#NorthernIreland2016 Interview Series - Anthony McIntyre

Brian John Spencer interviews Anthony McIntyre for The Ideas Workshop.
  • Anthony McIntyre grew up in South Belfast until, when aged 16, he was first imprisoned. Anthony moved to West Belfast upon release from imprisonment and he is now a denizen of Drogheda. Anthony gained a first class honours degree in politics from the Open University and a PhD in history from Queens. He has effectively relinquished the doctorate, having lost all faith in academia to stand up for anything other than academic careers. A doctorate is more like a bell to warn people, “beware, academic approaching.

Brian John Spencer: When did you first learn about the Easter Rising of 1916?

Anthony McIntyre: I can no longer recall. I know that 1966 was the year that Paisley marched in Cromac Square, Nelson’s Pillar was blown up in Dublin and England won the World Cup, but I have no specific memory of the Easter Rising commemorations in Belfast.

BJS: Do the men, the act or the stated ideals in the Proclamation mean anything to you?

AMcI: The men and women of 1916 mean a lot in terms of what they were prepared to self-risk in a fight against a cruel injustice. But it is nuanced. Connolly means more than Pearse. I don’t take to nationalism in any strong political sense. I more identify with wider European trends than I do with narrow Irish ones, and that applies also to a preference for integration over isolation. I fear obligatory nationalism and think people should have the right to dissent from it in the much the same way as they have from religion, even though dissent from the nation can pose serious practical problems that a dissent from religion does not. Tom Clarke probably means more than the rest of the signatories given his lengthy time spent in prison. But that is sentiment speaking rather than logic.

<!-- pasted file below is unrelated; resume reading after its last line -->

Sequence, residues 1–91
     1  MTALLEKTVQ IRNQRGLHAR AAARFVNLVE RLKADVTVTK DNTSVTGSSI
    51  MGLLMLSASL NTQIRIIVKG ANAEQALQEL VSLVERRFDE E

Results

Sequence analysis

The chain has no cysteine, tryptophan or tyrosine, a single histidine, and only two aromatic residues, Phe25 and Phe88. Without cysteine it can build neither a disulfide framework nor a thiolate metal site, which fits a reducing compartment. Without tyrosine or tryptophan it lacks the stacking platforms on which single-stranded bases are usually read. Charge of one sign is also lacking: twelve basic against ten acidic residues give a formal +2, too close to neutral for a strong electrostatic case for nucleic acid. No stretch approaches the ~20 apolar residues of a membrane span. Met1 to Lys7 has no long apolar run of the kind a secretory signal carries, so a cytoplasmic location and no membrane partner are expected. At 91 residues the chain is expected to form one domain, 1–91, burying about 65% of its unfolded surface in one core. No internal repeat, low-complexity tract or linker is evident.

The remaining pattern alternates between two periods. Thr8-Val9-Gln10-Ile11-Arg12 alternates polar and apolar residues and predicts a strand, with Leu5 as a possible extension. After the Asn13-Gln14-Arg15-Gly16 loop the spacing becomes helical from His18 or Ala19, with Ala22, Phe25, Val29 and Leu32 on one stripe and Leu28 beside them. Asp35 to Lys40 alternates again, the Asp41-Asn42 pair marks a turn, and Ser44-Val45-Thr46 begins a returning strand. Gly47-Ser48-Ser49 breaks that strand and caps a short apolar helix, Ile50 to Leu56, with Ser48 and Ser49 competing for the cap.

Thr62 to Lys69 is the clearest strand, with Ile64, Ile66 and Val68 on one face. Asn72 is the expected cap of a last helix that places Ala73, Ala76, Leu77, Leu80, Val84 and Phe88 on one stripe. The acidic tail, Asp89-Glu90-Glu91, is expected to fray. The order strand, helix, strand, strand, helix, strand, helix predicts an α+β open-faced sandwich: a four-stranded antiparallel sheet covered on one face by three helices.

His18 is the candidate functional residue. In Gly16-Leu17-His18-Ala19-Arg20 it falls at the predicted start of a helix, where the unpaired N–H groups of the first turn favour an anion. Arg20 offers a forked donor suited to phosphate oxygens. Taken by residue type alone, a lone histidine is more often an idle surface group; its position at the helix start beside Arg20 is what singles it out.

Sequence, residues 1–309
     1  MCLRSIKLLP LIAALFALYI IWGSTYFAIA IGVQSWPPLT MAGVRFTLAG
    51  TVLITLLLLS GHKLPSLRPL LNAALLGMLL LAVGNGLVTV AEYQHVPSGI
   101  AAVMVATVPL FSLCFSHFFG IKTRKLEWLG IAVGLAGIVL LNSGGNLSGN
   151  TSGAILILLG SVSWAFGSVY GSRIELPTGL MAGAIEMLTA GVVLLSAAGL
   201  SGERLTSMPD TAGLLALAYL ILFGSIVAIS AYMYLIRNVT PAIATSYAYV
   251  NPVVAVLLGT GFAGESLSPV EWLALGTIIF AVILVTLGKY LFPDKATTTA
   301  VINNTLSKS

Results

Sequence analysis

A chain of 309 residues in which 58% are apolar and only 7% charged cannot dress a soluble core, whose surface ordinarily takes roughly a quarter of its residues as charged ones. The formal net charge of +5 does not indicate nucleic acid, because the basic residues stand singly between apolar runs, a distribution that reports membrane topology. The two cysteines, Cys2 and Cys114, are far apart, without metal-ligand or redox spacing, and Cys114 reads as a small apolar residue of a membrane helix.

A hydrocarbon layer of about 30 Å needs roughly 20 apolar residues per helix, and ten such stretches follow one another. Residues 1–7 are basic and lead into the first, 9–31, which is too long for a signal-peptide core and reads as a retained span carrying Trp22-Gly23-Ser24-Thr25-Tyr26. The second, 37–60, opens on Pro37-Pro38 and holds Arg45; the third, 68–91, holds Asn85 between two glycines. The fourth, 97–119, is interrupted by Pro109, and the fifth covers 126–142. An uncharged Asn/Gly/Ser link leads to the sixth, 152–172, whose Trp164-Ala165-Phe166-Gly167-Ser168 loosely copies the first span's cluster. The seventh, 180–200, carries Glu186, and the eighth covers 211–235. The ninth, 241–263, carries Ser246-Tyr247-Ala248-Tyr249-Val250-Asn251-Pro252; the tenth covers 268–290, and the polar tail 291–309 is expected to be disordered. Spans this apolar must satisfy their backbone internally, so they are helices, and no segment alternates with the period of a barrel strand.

I don’t look on the Proclamation with any fervour or conviction. It does not feed into how I make decisions in my daily routine. The Proclamation has become a bit of a bible and I tend to pay no attention to bibles or bible thumpers.

BJS: When did you first learn about the Battle of the Somme?

AMcI: As a youngster growing up in the Lower Ormeau Road and loving the 12th of July parades because of the bands, I would have seen Orange Lodge banners referring to the event.

BJS: Does this act, the men and their determination to show their loyalty to Britain mean anything to you?

AMcI: I always admire human courage that is neither reckless nor driven by some hero syndrome.  I realise that a willingness to die for a cause is no proof whatsoever of its virtue. Chris Kyle was a very brave US soldier and I love the film American Sniper, watching it over and over again with my ten year old son. But what was the US doing pulverising Iraq and not Saudi Arabia?

BJS: As a (British/Irish/Northern Irish*) person, is the 1916 Rising important to you and your sense of identity and sense of belonging on this island?

AMcI: I am European. I appreciate the secularism of the continent. I feel for the journalists of Charlie Hebdo and the victims of the Hillsborough Stadium disaster pretty much as I do for the 1981 hunger strikers. When I visited the Anfield shrine for the LFC dead the sense of emotional turbulence was only ever experienced on visiting the graves of hunger strikers.

Were I to choose between tomorrow’s Patrick’s Day parades in Dublin or the Free Speech protest taking place around the same time in London organized by Maryam Namazie and her colleagues, I would attend the London event. I more identify with that wider rights driven trend than I do with the more narrow assertion of Irishness.

The 1916 Rising figures but is not all consuming. I am currently reading Charles Townshend’s Easter 1916 but I jump between it and Alexander Werth’s Leningrad 1943. I am not touched by the 1916 Rising in the way that I am by more recent events. I spend more time pondering the events of Paris in 2015 than I do thinking about what took place in Dublin in 1916.

BJS: As a (British/Irish/Northern Irish*) person, is the Somme offensive important to you and your sense of identity and sense of belonging on this island?